Here’s something that is going to make avocado-loving millennials happy.
A Californian company, Apeel Sciences, has created an edible coating for avocados that helps them to stay ripe for twice as long – and they are going on sale in US supermarkets for the first time.
While the average avocado might be ripe for two to three days, the ones with the barrier will stay ripe for four to six days.
But there’s more good news. Not only is the coating made from food waste, but in the future there are plans to modify it for use on strawberries, mangoes, apples, bananas, kumquats and asparagus.
It could be coming to the UK too. Apeel Sciences tells Food Spark they are currently working with partners in the UK to bring the technology over the pond.
So why the focus on avocados first?
“Everyone loves avocados, but spoilage is a major challenge and avocado quality can vary greatly based on where you live in the country,” a spokesperson for Apeel Sciences says.
“You never really know what you're getting until you cut into your avocado at home – and it's so frustrating to have to throw away a bad avocado. So, we thought this would be a good place to start.”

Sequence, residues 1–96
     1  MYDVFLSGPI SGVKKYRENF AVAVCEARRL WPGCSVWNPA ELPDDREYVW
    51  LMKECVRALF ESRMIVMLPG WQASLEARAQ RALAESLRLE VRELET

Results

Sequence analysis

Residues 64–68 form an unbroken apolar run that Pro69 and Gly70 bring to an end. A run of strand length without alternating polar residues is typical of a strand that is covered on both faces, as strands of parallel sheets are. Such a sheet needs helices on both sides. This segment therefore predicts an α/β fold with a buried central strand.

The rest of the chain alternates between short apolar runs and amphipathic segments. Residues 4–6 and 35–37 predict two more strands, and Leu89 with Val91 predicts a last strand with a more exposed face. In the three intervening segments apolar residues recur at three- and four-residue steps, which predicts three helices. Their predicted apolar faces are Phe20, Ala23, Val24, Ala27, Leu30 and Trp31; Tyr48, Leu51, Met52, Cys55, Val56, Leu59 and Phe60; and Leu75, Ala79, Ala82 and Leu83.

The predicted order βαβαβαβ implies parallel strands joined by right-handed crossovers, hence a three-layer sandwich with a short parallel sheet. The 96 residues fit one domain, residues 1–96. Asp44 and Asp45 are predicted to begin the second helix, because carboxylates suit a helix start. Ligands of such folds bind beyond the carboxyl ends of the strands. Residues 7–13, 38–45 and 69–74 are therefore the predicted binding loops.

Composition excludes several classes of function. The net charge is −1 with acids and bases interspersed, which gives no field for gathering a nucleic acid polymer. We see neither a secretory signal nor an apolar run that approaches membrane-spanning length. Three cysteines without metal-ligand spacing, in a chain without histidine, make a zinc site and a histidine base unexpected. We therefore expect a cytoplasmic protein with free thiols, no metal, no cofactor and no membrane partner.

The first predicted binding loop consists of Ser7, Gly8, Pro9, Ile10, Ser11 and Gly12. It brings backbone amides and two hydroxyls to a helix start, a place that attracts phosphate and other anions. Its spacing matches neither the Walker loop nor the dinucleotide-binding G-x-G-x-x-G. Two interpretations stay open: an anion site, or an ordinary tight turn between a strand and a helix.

Consumers won't have to worry about the barrier impacting on the taste of the avocado either.
The coating is tasteless and works by controlling the two primary causes for fresh produce to go bad: the rate at which water escapes the surface of fruit and vegetables, and the rate at which oxygen enters.
It’s made from the naturally occurring lipids, which are extracted from fruit or vegetable waste like tomatoes and grapes. The lipids are turned into a powder that can be revived with water to create a dip or spray.
A good cause
Apeel Sciences says the barrier is important for keeping produce in good condition during transportation, as well as creating less waste for both supermarkets and the consumer.
“For suppliers and retailers, Apeel is the only plant-derived post-harvest solution that creates an optimal micro-climate inside of every piece of produce, which leads to improved quality, extended shelf life, and transportability – without requiring refrigeration, controlled atmosphere, or preservatives,” the company adds.
The avocados will be available in Costco and Harp Food stores this week across the Midwest, before rolling out across the US.
The company also has backing from the Bill & Melinda Gates Foundation and has been working on a project to help extend the life of produce in developing countries, with pilots in Nigeria and Kenya carried out on cassava root and mangoes.